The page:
At the Republican convention of 2008, John McCain was introduced by the first major party female candidate for Vice President in 24 years, and the first in the Republican Party. McCain sent a signal to PUMA supporters of Hillary Clinton by his VP choice and more subtly with his orange tie. He was running a general election campaign since he won the primaries and tried to be inclusive of independents and disaffected Democrats.
In 2010, McCain ran for another Senate term in Arizona. His Tea Party opponent for the primary forced him to run as a conservative. He sought out the coveted endorsement of his former running mate. He ditched his former open borders stance and demanded Obama “complete the dang fence.” He won that election.
McCain’s 2008 adversary Mitt Romney is running again this time. He was hailed as the conservative alternative to McCain back then. Huckabee turned out to be the social conservative choice and he used that mantle to steer votes to McCain. Now, Romney is some sort of centrist. He’s the Democrats’ favorite Republican, except for Jon Huntsman’s vanity campaign. McCain tried that crap in 2008 because the media loved him in 2000 when he ran against George W. Bush. McCain lost that race, too.
I understand the logic here. You take a candidate with an unclear stance, throw a bunch of Wall Street money at him, run a negative primary campaign and stay away from one-on-one interviews. It worked for Obama. The problem is that it doesn’t really work for Republicans. Conservative Republicans come off as evil, but mostly to people who won’t vote for them anyway. Moderate Republicans come off as creepy. Look at Nixon. Did George H. W. Bush lose his election because of an economic slump or because he was the first Republican president to break the Grover Norquist pledge? If people really voted for Perot’s deficit stance, Bush was reducing it by raising taxes.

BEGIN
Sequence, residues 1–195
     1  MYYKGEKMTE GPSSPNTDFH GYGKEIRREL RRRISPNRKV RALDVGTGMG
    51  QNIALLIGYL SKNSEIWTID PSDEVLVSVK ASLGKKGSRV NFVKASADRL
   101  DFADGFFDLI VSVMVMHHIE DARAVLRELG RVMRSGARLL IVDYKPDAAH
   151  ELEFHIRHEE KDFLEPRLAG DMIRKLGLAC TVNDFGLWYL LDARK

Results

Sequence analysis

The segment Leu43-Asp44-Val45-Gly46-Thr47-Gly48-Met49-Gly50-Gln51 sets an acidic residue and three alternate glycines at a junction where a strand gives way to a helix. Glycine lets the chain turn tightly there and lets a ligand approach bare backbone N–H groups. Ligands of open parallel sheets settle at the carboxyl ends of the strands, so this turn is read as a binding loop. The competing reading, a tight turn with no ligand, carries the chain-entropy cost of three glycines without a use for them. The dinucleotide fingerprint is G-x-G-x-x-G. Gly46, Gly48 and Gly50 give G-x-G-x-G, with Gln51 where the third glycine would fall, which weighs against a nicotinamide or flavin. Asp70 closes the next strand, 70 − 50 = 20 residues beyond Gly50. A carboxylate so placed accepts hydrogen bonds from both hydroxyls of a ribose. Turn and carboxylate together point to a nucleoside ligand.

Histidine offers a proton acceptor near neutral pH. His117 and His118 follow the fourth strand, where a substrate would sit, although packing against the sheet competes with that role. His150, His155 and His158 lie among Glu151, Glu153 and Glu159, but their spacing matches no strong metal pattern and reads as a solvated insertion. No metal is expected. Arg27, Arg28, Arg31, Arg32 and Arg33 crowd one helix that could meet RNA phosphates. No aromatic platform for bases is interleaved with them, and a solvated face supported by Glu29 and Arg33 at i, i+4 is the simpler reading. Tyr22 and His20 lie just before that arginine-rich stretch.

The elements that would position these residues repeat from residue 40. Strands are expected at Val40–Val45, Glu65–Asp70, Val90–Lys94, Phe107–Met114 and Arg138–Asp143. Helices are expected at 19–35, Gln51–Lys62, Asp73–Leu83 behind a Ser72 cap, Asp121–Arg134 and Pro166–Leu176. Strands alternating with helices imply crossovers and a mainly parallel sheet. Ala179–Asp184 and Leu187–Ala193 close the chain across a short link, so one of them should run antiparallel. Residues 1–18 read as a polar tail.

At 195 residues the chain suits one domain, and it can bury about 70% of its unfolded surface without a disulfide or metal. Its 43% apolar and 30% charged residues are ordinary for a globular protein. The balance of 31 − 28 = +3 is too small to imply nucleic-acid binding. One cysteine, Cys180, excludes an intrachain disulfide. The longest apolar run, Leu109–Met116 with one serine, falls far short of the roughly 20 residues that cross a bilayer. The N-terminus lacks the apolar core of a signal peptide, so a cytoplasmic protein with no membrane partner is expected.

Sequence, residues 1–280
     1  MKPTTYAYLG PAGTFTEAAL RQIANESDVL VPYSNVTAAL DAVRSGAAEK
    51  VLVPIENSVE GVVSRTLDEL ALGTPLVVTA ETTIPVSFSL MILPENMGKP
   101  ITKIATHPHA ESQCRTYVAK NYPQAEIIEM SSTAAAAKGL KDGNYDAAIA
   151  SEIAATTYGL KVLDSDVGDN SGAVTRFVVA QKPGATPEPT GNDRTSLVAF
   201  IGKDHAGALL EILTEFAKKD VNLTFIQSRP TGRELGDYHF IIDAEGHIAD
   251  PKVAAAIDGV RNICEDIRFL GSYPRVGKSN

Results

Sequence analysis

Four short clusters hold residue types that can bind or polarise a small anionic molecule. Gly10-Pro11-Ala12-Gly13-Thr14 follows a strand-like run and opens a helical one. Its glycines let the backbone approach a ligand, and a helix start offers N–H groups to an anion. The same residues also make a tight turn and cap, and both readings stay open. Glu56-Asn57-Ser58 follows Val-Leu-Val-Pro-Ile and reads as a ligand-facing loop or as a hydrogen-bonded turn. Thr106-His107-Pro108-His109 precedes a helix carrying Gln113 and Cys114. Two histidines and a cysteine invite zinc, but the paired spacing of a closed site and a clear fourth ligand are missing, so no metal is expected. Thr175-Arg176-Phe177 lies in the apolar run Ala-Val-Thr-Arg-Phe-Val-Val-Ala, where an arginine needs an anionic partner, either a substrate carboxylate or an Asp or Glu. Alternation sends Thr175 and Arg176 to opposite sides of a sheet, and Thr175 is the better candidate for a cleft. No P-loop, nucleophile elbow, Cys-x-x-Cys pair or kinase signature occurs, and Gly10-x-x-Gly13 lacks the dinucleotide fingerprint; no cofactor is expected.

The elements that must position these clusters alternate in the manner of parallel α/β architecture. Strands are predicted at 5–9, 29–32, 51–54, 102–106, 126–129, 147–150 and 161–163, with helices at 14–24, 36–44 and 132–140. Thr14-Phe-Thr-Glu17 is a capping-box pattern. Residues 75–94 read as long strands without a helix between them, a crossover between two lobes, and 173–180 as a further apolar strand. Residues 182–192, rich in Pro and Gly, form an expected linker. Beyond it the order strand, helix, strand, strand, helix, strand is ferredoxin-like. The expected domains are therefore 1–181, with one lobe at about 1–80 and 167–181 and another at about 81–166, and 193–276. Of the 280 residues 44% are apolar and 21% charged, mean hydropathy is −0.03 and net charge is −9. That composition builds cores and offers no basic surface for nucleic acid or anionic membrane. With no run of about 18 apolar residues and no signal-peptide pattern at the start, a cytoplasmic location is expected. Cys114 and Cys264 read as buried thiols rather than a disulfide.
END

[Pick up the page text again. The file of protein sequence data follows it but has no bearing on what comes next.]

Newt Gingrich has enough staying power at this point to make a strong showing in a number of primaries. We already know his crazy views, unlike the surprise of Michele Bachmann. He’s far more articulate than Rick Perry and can remember the long list of government programs he wants to abolish. He won’t drop out like Cain for leaked scandals. What can Gingrich’s wife say to him? She used to be the mistress. Ron Paul may be more Tea Party then Newt, but his middling stance on running third-party has ended his chances.
Then there’s the moderate / independent / Democratic vote. This is a referendum on Barack Obama. If Newt goes negative against Obama, and will he ever, he’s got a good lock on that vote. Clinton supporters may despise him, but that will just shore him up with conservatives reminded that Newt stuck it to Bubba every chance he got.
Political calculus tends to dictate that the winner of the primaries will be the one who pisses off his challengers the least. The few Republicans who have dropped out have endorsed Romney. If the tide turns and Gingrich’s strategy of not attacking opponents leads to endorsements, Romney could find himself in big trouble.
Then again, Newt could screw up big and lose all his current support. It’s pretty much even money on him doing that.